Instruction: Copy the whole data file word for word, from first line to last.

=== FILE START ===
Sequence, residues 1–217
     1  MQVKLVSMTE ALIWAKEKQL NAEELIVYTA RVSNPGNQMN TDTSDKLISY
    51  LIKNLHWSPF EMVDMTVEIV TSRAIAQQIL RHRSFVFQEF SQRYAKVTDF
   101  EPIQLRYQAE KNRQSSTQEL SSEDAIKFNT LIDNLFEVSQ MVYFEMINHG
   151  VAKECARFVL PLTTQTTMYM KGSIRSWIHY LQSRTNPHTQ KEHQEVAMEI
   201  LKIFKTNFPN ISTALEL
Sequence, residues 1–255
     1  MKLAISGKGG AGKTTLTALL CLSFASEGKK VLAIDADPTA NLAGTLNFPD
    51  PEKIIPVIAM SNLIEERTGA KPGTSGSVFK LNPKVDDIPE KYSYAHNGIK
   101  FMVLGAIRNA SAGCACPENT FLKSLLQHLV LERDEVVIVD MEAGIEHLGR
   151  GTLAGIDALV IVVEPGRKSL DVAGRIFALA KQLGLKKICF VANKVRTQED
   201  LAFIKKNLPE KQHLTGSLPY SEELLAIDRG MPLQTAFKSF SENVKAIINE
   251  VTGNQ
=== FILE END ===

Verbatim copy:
Sequence, residues 1–217
     1  MQVKLVSMTE ALIWAKEKQL NAEELIVYTA RVSNPGNQMN TDTSDKLISY
    51  LIKNLHWSPF EMVDMTVEIV TSRAIAQQIL RHRSFVFQEF SQRYAKVTDF
   101  EPIQLRYQAE KNRQSSTQEL SSEDAIKFNT LIDNLFEVSQ MVYFEMINHG
   151  VAKECARFVL PLTTQTTMYM KGSIRSWIHY LQSRTNPHTQ KEHQEVAMEI
   201  LKIFKTNFPN ISTALEL
Sequence, residues 1–255
     1  MKLAISGKGG AGKTTLTALL CLSFASEGKK VLAIDADPTA NLAGTLNFPD
    51  PEKIIPVIAM SNLIEERTGA KPGTSGSVFK LNPKVDDIPE KYSYAHNGIK
   101  FMVLGAIRNA SAGCACPENT FLKSLLQHLV LERDEVVIVD MEAGIEHLGR
   151  GTLAGIDALV IVVEPGRKSL DVAGRIFALA KQLGLKKICF VANKVRTQED
   201  LAFIKKNLPE KQHLTGSLPY SEELLAIDRG MPLQTAFKSF SENVKAIINE
   251  VTGNQ